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Developer given years to begin Festival Plaza office build


The State Government has revealed developer Walker Corporation will have six years to begin work on the controversial office tower planned for the Festival Plaza precinct, meaning it could be eight years or more before the building is completed.

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Urban Development Minister Stephen Mullighan revealed the condition in an Estimates Committee hearing last week, and subsequently told InDaily that the condition was included to give Walker time to “market the building and attract a key tenant as part of its agreement with Government”.

Walker is contracted to rebuild the Festival Centre car park as part of a $40 million deal with the Government to revamp the tired Festival Plaza with new landscaping, shops and cafes, and a 24-storey office tower.

While early work has begun on the area, the car park construction won’t begin until February next year, Mullighan revealed. Beginning of the car park work triggers a six-year period during which Walker will be required to “substantially commence” work on the office tower.

“If he does not commence that office building within that period of time, then he is obliged to wear the full cost of the works in kind and the plaza works, and he loses his development approval for the tower,” the minister said.

Under questioning from InDaily, Mullighan said the developer was “obliged to make the area publicly accessible until such time as work starts on the office tower development”.

While the Government insists it hasn’t promised Walker that it will take up a tenancy in the office building, Mullighan did confirm that the Government had two calls for office accommodation in the market, to explore competitive options when two current CBD leases expire in 2019 and 2020.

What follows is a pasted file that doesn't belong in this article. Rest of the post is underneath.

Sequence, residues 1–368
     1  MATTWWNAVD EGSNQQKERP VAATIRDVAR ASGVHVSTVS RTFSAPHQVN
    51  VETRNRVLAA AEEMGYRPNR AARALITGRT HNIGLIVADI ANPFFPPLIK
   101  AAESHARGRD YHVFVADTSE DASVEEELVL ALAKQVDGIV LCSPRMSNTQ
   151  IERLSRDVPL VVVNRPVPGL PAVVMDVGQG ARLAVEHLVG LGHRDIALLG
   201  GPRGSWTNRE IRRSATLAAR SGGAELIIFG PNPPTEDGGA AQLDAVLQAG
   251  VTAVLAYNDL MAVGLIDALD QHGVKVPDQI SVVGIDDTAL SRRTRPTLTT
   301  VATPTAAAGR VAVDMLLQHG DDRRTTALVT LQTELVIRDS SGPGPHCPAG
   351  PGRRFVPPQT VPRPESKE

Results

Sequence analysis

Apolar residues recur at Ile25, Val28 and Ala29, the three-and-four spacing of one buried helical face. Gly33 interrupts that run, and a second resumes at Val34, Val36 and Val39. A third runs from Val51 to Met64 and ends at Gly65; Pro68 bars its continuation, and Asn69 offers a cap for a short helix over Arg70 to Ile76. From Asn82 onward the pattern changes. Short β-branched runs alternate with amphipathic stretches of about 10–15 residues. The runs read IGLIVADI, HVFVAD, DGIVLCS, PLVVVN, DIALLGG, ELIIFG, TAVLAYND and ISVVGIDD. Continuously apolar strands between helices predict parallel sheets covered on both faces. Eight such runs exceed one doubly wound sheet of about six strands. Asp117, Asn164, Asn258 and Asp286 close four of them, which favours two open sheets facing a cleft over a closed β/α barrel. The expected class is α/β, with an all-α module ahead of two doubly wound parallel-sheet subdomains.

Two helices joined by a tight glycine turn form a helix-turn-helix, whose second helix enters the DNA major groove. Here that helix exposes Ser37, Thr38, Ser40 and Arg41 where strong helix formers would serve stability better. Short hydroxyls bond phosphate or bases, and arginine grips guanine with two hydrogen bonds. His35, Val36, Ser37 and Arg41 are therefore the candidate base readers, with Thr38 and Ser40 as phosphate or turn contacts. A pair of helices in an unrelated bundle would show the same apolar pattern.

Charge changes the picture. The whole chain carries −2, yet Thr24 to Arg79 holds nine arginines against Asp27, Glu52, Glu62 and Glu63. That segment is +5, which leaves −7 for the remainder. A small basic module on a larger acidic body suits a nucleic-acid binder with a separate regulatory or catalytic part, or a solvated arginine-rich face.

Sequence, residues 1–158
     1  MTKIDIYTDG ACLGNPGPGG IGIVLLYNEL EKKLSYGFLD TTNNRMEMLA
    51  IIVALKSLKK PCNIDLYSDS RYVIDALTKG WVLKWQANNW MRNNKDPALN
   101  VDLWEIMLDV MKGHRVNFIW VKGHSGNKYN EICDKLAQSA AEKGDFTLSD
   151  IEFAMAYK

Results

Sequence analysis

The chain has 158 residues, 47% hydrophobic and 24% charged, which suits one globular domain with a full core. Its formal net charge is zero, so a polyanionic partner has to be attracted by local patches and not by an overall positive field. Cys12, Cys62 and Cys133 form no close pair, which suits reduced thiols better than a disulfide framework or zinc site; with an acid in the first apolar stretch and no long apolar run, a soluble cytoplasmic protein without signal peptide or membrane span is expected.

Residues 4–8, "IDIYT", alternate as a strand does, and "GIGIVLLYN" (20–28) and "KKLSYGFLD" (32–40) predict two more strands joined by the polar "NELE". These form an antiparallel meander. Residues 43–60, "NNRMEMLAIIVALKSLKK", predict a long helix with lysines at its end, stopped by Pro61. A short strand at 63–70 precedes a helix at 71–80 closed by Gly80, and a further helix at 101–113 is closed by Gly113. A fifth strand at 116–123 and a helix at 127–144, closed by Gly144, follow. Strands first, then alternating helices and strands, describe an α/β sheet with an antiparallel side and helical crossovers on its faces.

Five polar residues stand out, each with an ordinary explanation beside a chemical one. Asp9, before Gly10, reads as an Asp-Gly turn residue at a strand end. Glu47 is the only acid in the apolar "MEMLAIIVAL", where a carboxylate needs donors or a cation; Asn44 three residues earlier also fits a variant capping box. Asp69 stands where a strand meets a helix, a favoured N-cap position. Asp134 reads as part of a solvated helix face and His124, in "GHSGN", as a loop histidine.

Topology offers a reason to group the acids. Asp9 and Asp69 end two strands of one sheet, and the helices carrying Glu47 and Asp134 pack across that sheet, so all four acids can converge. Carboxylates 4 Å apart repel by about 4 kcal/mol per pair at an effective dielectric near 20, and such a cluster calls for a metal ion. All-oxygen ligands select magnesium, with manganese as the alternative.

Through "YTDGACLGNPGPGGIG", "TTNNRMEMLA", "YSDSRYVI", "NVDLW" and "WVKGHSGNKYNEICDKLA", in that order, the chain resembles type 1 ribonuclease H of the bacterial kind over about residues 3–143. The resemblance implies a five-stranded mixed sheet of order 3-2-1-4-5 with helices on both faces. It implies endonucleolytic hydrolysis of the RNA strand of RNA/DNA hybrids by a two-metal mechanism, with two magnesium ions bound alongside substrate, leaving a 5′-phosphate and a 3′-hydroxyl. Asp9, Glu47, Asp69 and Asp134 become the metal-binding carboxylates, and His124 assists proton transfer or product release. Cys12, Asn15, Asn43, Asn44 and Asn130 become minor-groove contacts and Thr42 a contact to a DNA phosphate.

“… If the building were to progress on the quickest timeframe – and it is indeed a two-year build time – it would be cutting it extremely fine for government office accommodation, through the DPTI tendering process that you referred to, to be able to make it into that building,” Mullighan said.

Opposition frontbencher David Pisoni questioned why the Government would allow the land earmarked for the tower to potentially sit vacant for many years – with echoes of the long-fallow Le Cornu site in North Adelaide.

He said while it was now clear Walker was required to begin substantial works within six years, without seeing the contract there was no way to know whether a completion date was stipulated.

“It could be a new sinkhole in the CBD rather than a vibrant new part of the Riverbank precinct,” Pisoni said.

“I think the six-year timeframe potentially puts this whole project on hold for the best part of 10 years from when it was announced. The fact that the government has locked up prime real estate in the city, which could be empty potentially for six years, requires further investigation.”

However, Mullighan said the Government’s focus was on getting the new carpark, plaza, Festival Theatre upgrade and retail precinct completed “as quickly as possible”.

“The timeframe also reflects a requirement for Walker to attract interstate and global commercial tenants for the economic benefit of the state rather than drawing on the existing local market,” Mullighan told InDaily.

“I’m advised Walker Corporation is already marketing the 40,000sqm of premium office space.”

Last week, Auditor-General Andrew Richardson revealed that his inquiry into the finances of the Festival Plaza deal had been delayed due to questions about the jurisdiction of the ICAC.

Richardson told parliament today he had been unable to continue the investigation last year because negotiations over the plaza contract were still ongoing and “in fact it was possible that there would be no deal”.

“So… we were obliged to stop until the agreement was settled [which] happened in about February of this year [at which point] we recommenced our work,” he said.

“Around about that time, for a range of reasons, I had been going through my statutory obligations and my relationships in particular with the Independent Commissioner Against Corruption, and… we started to be concerned about where the Auditor-General’s powers ended and where the commissioner’s powers begin.”

InDaily revealed last year that the State Government will pay 30 years’ of car park rent to Walker in a lump sum at the beginning of the agreement.

The State Government has always said that it would lease back 400 of the 1460 car parking spaces from Walker Corporation for $30 million (the Adelaide Casino will also lease spaces from Walker). It also stated, as long ago as 2014, that the lease period would be 30 years, but the contract stipulates 70 years.

What it didn’t reveal previously was that the $30 million would be paid in full, upfront. The contract says that “on or before the date of commencement of the Carpark Sublease, the State shall pay Walker Carpark $30 million (GST exclusive)”.


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